Tuesdays with Tony

As horse owners I know you all know every curve, every scar and every lump or bump your horse has. So, when a new bump pops up it can be concerning. Any time I have a new scratch or lump or scab the humans are all over me, making sure I am okay.  Frankly, it’s rather annoying. I am a perfectly healthy cat and don’t need them all over me all the time. I just need them to feed me and respond to all my demands.  While I’m aware of my health, horses, they just aren’t as smart, and they need you to keep track of them.  Monitoring new lumps and bumps can be lifesaving for your hose. This week I want to talk to you about a type of tumor that horses get that, for the most part, the docs will tell you not to worry too much about and just keep any eye on: Melanomas.

 What is a Melanoma?

A melanoma is a type of skin tumor that occurs mainly in grey horses but can rarely occur in other colored horses as well. These tumors can pop up on your horse’s body just about anywhere. The most common areas include the underside and dock of the tail, corners of lips, neck, and head. They can also be found in and around your horse’s sheath, anus and from your horse’s iris in his eye.

Melanomas can pop up at any age in any horse with little known about any predisposing factors other than your horse’s color. That being said, most grey horses will not start to develop tumors until they’re around 10 years old.  I am well into my teens, I am not grey, and thankfully, I am not a horse, so I think I am safe, but be sure to check on your grey horses.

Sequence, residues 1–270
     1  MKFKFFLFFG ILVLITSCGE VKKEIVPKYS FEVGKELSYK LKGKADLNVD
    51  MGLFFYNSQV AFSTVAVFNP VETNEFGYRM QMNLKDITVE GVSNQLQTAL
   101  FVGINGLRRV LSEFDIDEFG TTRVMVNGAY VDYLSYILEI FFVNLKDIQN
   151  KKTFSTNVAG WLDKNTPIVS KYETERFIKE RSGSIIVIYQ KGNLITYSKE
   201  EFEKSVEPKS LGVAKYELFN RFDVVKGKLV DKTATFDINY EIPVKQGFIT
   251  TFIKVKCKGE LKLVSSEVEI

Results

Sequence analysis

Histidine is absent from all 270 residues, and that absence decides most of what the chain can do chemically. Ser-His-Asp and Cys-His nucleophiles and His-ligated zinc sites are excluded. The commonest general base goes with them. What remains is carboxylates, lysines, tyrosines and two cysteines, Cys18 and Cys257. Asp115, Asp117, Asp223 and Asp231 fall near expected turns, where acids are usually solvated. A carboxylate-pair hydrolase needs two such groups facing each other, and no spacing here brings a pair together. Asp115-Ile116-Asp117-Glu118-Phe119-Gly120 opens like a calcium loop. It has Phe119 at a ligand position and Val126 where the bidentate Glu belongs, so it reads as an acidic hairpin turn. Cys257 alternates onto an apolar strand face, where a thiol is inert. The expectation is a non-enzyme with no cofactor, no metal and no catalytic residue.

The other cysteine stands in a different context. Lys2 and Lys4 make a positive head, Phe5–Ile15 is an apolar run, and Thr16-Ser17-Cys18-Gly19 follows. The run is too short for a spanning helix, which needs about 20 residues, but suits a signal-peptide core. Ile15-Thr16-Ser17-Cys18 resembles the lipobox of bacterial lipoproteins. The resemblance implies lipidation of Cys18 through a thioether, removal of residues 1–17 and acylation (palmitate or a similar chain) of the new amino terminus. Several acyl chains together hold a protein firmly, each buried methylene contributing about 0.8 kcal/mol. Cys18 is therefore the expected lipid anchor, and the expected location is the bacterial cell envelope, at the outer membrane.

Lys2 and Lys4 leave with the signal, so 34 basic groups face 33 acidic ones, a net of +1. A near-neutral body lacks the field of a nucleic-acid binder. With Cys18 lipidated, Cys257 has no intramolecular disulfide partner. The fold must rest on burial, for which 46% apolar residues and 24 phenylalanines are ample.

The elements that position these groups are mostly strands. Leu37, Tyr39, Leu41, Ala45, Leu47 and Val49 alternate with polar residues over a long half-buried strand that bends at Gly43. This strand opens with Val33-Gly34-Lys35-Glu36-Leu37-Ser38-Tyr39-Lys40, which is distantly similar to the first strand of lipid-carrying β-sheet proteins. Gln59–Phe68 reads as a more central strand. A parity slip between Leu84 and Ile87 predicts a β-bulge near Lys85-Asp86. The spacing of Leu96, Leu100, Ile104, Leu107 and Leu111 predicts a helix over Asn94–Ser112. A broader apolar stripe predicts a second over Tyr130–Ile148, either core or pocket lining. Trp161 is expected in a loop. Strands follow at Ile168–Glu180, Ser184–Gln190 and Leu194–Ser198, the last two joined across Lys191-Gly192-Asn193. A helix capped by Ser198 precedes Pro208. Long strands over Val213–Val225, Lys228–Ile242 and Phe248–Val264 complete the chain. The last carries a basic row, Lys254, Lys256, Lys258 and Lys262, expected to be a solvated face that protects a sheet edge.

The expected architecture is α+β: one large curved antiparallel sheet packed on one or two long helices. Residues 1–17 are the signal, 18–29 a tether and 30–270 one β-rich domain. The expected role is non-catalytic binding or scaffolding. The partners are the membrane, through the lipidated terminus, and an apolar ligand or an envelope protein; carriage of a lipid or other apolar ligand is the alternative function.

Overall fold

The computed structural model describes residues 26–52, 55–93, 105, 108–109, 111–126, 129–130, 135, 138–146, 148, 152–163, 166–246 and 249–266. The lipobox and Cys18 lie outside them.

As I mentioned, melanomas are part of owning grey horses. It’s usually advised to keep an eye on them for any significant changes.  However, it is important to understand that “keeping an eye on them” does not mean allow them to grow uncontrollably. In fact, if your horse has been diagnosed with melanomas, you should have my docs check on them at least twice a year, measure them and possibly even take some photos of them. This will help ensure that the tumor does not progress rapidly and cause long term problems for your horse.


While it is common practice to keep an eye on melanomas, there are other treatment options for them as well. One option is surgical removal. However, removal of one tumor will not prevent the development of other tumors. Likewise, if a tumor is too large or in a precarious location, surgical removal cannot be performed.

Injection with a chemotherapy agent is another treatment option. Cisplatin in the form of injectable oil or impregnated beads can be used around tumors to reduce the size of the tumor and allow for possible surgical excision. Treatment with cisplatin can be extremely effective, but it often takes several treatments and can get expensive.

Finally, there has been a vaccination developed for use in dogs that is still experimental in horses. The vaccine is created from your horse’s specific tumor, targets proteins in the melanoma cells, and stimulates an immune response. The vaccination shows promise for treatment of melanomas in horses, but more work is needed to prove its effectiveness.

Whatever form of treatment my docs recommend, it is important to start treatment early and not necessarily just keep an eye on it.  Ask my docs which method is best and how to start treatment if your horse is diagnosed with melanomas.